Graphic Design Quick Tip: Balancing graphic effects
I’m not much for overdoing effects and filters in a layout, but there are times when a drop-shadow or an emboss help to lift an element, or elements, off the page. It’s a good practice to make sure you balance your effects if they apply to more than one element on your page.
Here’s an example of 3 graphics, different sizes, with the same filter set over top. This is not for layout, obviously – these effects look a bit cheesy, but I wanted to make the appearance obvious for the point of discussion. There’s an outer-emboss with an inner glow and drop-shadow:
Notice that the effects are equal, but not relative. Meaning, the thickness of the emboss, the depth of the inner glow and the distance of the drop-shadow on each element are equal, regardless the size of the element. Here’s another example of the same graphics and effects:
Notice that the effects have been scaled down relative to the image size. Smaller object, smaller effects, so they are relatively equal, not mathematically equal.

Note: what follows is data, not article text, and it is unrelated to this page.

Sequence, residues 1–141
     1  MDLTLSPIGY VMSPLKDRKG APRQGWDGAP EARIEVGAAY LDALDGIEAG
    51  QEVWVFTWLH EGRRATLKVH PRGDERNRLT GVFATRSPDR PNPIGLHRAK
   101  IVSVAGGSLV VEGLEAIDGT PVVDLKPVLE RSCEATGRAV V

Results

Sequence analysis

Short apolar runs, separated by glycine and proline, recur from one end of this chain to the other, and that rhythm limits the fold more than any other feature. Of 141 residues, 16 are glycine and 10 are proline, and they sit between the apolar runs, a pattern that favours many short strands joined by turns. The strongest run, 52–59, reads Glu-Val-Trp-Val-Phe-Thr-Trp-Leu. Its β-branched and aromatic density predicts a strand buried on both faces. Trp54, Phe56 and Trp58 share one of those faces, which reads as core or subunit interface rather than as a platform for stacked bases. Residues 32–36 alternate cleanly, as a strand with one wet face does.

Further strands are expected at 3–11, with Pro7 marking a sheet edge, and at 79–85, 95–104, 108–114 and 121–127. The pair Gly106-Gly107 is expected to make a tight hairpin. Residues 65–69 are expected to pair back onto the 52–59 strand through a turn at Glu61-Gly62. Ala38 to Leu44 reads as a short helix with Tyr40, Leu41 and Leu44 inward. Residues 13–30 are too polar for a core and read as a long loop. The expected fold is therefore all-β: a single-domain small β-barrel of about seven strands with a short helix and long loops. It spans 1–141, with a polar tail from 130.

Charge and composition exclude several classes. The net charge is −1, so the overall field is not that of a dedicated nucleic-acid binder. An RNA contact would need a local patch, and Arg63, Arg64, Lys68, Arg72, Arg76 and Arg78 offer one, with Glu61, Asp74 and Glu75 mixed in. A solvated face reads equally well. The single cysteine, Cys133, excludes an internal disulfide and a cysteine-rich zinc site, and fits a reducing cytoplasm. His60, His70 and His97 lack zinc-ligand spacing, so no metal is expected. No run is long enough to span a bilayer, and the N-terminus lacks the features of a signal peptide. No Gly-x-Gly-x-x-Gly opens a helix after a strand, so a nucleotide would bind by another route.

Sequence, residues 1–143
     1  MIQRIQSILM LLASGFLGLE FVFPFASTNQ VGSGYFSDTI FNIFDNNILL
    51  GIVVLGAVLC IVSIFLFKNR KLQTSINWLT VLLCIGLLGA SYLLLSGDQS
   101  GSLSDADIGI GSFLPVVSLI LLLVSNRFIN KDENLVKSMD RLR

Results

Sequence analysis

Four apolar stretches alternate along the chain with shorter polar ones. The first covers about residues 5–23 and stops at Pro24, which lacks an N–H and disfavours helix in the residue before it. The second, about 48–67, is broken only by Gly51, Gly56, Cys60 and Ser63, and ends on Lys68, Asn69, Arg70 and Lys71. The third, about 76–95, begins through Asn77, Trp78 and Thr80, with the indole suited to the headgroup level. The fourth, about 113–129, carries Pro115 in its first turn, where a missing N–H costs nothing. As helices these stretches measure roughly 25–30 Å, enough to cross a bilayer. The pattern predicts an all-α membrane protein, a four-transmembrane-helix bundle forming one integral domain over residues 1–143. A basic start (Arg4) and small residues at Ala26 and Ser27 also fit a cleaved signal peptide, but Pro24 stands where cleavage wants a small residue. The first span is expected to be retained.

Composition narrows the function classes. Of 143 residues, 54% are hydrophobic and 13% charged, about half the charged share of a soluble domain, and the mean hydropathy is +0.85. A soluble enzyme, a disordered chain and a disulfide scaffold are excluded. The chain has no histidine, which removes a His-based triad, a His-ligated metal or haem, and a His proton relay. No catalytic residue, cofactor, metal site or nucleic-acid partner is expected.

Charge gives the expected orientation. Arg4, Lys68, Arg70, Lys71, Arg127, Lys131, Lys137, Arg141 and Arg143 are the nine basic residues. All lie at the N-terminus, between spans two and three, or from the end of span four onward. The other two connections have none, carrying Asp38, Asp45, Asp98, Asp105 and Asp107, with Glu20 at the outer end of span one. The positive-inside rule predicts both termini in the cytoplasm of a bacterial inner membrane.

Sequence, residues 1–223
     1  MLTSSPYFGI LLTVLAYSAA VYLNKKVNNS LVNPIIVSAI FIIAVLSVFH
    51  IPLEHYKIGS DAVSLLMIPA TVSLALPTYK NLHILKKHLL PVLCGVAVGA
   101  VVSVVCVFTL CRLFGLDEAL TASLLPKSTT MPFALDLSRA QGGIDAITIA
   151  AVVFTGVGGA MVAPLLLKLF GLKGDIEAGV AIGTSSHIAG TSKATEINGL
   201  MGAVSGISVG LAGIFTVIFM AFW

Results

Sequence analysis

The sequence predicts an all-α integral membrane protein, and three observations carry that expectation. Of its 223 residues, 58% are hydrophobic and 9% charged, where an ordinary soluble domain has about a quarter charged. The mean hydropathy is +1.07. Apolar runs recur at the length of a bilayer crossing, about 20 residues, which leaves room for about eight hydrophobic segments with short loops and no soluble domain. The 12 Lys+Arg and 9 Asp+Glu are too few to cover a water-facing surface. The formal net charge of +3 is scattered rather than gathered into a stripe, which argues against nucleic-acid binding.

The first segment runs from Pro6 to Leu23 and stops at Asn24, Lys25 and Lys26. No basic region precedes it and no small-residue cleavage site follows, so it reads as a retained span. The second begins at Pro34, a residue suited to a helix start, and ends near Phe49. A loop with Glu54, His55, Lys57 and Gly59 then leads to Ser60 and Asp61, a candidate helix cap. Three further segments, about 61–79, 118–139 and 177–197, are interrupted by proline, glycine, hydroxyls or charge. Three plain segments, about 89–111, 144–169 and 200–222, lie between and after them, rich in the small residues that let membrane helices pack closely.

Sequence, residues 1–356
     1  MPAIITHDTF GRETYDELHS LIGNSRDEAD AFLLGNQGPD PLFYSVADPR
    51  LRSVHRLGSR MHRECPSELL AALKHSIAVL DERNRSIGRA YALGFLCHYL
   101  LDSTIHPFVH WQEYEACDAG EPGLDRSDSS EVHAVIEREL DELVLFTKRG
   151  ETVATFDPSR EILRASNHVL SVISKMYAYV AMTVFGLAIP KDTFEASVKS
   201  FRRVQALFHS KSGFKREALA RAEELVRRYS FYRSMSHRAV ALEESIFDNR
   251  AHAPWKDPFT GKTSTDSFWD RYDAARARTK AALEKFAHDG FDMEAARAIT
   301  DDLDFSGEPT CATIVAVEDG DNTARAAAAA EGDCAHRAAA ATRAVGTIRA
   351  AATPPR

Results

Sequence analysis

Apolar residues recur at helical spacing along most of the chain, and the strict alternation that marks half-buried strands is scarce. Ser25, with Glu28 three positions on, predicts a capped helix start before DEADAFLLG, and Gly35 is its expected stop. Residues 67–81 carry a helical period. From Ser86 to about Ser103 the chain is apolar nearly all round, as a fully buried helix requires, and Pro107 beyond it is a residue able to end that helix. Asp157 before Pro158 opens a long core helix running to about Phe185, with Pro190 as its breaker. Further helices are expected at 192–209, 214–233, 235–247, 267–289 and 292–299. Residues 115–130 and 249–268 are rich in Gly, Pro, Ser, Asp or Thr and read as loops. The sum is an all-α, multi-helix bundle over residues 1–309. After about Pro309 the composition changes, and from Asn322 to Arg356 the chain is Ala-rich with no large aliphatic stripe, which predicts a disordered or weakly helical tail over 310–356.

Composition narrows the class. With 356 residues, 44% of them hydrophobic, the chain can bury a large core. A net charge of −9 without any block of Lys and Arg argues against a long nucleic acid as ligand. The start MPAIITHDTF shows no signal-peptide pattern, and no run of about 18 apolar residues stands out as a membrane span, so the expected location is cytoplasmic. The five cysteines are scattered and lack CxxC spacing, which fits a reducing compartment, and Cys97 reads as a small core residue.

Neither is right or wrong, but they’re different, and you will want to be aware of the difference. You may find your preference changes depending the style of graphic. As a rule, I use relative effects – so, in other words, I scale them as in example 2. That’s not to say I always do and would never treat them equally. In a simple icon application like example 1, I don’t mind it. However, if these were photos or more complex graphic shapes, I tend to find the relative approach more pleasant and maintains the distinctiveness of the elements at a smaller scale.
Both are good – just keep this difference in mind and design accordingly.